Micro-XRF, as an analytical tool, combines several features which make it ideal for the investigation of forensic samples. The technique can be used to scan large areas, provides simultaneous information on multiple elements down to the trace element level, can be applied under ambient conditions and is non-destructive.
Bruker’s M4 TORNADO is a table-top Micro-XRF spectrometer which combines micrometer spatial resolution and element mapping capability with a powerful set of analytical tools for qualitative and quantitative analysis.
In this webinar we will focus on two applications which are common in the field of forensics: Shooting distance determination and small particle analysis, here on the example of glass fragments.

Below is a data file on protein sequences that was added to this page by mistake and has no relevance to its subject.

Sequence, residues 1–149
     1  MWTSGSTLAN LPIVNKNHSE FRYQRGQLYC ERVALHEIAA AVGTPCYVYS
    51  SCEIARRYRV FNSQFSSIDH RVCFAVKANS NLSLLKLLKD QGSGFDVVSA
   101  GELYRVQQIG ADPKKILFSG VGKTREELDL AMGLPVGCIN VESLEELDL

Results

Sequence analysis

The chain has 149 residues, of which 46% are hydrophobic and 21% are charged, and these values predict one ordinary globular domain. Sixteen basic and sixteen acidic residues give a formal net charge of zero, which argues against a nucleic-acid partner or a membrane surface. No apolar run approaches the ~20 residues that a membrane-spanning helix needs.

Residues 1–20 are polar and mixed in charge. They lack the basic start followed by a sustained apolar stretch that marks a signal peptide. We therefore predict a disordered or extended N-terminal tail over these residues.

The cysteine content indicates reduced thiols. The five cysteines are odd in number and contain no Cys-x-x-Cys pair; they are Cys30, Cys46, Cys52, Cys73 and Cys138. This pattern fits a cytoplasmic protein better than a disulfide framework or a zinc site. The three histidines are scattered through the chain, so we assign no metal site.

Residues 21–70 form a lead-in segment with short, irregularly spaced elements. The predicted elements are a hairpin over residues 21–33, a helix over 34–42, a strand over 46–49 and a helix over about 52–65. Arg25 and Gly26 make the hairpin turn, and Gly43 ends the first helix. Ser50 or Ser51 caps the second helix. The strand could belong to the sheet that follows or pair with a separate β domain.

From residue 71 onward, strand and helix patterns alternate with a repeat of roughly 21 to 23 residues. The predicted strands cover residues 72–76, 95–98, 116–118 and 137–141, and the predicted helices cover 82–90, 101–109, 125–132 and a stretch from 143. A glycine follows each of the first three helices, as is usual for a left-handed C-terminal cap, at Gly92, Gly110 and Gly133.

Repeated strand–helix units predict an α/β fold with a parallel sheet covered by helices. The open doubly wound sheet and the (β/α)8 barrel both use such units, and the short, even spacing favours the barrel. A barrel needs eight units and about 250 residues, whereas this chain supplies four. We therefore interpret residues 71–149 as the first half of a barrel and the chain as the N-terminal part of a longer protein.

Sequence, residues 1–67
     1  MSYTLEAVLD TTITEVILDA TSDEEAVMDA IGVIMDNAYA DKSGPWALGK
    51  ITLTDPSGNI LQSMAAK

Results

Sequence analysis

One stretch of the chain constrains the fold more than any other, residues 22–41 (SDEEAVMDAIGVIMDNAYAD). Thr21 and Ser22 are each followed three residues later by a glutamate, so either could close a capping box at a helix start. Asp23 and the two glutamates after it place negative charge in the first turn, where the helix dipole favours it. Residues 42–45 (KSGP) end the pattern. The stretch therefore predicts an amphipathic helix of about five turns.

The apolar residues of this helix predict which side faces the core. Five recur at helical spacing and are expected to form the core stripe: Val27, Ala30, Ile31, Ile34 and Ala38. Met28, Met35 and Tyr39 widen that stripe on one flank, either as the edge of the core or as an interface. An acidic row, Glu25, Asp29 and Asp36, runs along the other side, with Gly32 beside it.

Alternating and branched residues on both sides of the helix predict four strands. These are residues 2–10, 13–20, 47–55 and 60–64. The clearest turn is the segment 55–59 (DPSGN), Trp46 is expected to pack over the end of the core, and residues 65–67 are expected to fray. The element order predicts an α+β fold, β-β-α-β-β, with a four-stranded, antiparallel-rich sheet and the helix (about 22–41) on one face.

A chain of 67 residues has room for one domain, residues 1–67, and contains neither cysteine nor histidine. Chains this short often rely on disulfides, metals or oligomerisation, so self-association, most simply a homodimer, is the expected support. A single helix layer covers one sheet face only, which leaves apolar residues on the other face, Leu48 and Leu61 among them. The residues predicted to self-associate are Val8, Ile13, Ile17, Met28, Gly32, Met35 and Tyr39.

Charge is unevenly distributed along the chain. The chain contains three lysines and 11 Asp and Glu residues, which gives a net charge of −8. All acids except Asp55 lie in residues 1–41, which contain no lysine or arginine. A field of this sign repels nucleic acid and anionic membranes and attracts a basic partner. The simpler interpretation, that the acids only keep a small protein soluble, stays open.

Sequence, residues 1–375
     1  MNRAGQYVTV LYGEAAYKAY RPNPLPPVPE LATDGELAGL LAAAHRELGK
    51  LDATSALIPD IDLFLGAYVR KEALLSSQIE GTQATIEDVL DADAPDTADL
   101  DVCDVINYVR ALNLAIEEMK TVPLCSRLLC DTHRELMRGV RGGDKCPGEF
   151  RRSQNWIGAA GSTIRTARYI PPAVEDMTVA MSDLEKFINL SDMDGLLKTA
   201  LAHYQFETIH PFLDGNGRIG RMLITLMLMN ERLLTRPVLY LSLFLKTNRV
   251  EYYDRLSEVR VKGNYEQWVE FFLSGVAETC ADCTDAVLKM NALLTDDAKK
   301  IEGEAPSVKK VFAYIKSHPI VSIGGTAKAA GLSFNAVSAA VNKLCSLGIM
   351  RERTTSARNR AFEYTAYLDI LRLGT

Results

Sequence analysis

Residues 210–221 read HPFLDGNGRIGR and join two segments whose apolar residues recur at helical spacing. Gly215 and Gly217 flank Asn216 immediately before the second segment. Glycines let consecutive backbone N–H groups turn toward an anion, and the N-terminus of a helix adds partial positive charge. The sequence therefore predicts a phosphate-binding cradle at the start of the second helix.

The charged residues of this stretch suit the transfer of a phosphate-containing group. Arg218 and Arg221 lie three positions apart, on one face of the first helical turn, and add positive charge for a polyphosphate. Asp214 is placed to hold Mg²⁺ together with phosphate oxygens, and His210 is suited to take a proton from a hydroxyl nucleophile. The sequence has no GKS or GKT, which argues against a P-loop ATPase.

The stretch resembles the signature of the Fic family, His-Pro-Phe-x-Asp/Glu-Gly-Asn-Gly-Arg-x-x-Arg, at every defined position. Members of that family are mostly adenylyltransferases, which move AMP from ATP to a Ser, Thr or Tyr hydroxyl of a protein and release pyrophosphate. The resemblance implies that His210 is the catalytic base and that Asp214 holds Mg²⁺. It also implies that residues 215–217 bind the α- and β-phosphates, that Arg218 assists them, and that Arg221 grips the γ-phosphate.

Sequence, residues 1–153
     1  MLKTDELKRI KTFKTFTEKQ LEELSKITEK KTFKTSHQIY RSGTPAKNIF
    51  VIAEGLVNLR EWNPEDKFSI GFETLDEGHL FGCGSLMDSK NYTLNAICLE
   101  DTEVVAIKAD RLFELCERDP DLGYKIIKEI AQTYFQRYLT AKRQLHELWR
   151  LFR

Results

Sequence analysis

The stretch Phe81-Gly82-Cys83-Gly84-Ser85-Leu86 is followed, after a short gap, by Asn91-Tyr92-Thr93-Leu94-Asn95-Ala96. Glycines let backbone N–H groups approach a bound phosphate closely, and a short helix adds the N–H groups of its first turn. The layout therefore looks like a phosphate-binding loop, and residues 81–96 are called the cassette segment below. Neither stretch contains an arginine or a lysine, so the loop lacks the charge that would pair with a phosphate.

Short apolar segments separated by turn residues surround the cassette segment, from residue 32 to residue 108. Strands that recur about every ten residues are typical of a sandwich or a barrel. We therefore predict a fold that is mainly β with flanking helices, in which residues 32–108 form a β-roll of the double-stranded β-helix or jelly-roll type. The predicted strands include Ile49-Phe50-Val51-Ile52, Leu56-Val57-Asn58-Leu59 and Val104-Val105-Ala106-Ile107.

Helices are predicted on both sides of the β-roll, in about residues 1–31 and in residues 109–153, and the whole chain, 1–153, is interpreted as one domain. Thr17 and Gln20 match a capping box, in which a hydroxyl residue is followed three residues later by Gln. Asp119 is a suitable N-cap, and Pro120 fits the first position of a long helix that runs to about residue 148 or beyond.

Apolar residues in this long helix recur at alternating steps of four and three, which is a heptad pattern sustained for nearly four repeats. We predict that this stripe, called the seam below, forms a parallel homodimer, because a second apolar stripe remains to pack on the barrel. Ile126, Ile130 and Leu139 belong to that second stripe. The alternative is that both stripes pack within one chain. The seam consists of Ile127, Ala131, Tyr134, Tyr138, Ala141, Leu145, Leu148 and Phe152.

For shooting distance determination, which is – from a Micro-XRF point of view – a purely qualitative analysis, we will discuss which measurement parameters are to be considered to attain good results in reasonable time and what sorts of data mining tools the software offers for an offline analysis.
Glass shard analysis can be carried out quantitative or in a semi-quantitative way according to ASTM E2926. However, there are several aspects to keep in mind. Above all the information depth of the different elements of the glass can impede both quantitative and semi-quantitative analysis. This is important especially for small particles which can have intricate shapes and it will be hard to identify a good measurement position. Therefore, these small shards should always at first be assessed with an area scan.
The webinar will be rounded off by a 15-minute Q&A session where our experts will answer your questions.
Dr. Roald Tagle
Global Manager Application Science, Bruker Nano Analytics
Dr. Max Buegler
Application Scientist Micro-XRF, Bruker Nano Analytics
Senior Application Scientist micro-XRF, Bruker Nano Analytics
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